Distribution, abundance, habitat choice, and sulfide tolerance of crabs at marine anthropogenic sulfide seeps in Commencement Bay, WA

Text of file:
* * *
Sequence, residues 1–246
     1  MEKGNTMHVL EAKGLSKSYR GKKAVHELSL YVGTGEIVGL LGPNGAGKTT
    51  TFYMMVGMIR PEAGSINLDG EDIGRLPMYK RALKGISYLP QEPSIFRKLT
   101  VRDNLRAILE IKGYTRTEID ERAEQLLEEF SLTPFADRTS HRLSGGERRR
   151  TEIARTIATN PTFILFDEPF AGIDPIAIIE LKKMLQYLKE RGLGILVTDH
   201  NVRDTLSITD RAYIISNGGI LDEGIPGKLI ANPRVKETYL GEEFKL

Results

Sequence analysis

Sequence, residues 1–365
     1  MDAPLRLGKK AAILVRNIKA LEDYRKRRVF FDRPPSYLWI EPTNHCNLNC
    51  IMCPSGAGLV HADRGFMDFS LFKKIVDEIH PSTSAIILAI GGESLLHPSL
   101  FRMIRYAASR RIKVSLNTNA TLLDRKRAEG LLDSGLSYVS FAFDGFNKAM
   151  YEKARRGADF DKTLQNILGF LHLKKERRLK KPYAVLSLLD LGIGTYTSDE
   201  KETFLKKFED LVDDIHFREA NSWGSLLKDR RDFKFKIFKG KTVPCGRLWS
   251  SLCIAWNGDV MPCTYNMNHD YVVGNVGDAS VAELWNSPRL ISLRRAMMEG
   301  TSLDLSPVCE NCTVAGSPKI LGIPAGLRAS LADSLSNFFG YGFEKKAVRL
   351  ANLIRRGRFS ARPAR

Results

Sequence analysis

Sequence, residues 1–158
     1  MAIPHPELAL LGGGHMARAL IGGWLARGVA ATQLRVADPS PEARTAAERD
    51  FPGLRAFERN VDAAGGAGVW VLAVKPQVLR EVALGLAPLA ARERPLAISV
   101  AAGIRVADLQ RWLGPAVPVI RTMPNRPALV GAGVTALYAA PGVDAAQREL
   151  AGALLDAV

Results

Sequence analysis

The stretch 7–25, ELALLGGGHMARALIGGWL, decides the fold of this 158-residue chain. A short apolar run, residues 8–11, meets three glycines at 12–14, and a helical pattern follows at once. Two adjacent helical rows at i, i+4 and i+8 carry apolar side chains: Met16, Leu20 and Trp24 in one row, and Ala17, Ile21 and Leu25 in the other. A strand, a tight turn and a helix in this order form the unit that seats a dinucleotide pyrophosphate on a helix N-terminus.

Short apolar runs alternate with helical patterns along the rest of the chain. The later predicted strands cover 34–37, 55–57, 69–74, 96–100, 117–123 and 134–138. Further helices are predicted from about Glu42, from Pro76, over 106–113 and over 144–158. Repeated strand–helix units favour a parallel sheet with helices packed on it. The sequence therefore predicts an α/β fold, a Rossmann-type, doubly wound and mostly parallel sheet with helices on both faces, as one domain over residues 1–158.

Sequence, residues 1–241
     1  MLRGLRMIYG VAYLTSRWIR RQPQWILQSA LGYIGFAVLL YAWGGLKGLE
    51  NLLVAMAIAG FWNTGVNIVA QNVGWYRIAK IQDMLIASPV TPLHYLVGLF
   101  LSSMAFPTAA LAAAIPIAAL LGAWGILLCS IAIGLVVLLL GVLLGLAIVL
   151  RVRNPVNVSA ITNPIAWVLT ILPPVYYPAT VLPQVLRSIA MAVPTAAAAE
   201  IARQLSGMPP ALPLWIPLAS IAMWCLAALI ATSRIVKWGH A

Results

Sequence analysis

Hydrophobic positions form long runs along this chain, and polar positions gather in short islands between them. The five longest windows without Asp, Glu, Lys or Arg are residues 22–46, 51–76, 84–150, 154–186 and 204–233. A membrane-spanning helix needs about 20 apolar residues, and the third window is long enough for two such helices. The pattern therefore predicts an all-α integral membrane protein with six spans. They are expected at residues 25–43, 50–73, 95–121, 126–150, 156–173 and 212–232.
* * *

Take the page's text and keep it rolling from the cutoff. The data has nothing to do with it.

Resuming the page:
Sulfide is extremely toxic to most organisms, and animals that live in high sulfide habitats have adapted and formed symbiotic relationships with sulfide-oxidizing bacteria which allows them to tolerate the high concentrations of sulfide. The aim of this project was to learn more about the distribution and abundance of crab populations in low sulfide and high sulfide sites, to examine possible physiological effects of sulfide on Hemigrapsus oregonensis. I compared the habitat preference of crabs to see if they show a preference for low or high sulfide water with and without a shelter. H. oregonensis from high sulfide locations were smaller and lighter than those from low sulfide locations. H. oregonensis ran faster in low sulfide water than they did in high sulfide water, suggesting that even a short exposure to sulfide can affect their physiology. They also preferred low sulfide water to high sulfide water when no shelter was provided, but did not show a significant preference when a shelter was present.